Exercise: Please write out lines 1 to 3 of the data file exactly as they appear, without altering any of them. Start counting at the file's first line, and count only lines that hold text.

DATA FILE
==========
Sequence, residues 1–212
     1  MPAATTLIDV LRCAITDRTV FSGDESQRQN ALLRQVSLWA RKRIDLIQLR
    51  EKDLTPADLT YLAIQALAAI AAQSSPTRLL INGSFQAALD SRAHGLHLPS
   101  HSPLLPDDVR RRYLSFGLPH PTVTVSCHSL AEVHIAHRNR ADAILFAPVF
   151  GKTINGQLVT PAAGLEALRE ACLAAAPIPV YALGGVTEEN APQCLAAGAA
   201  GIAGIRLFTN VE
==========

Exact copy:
Sequence, residues 1–212
     1  MPAATTLIDV LRCAITDRTV FSGDESQRQN ALLRQVSLWA RKRIDLIQLR
    51  EKDLTPADLT YLAIQALAAI AAQSSPTRLL INGSFQAALD SRAHGLHLPS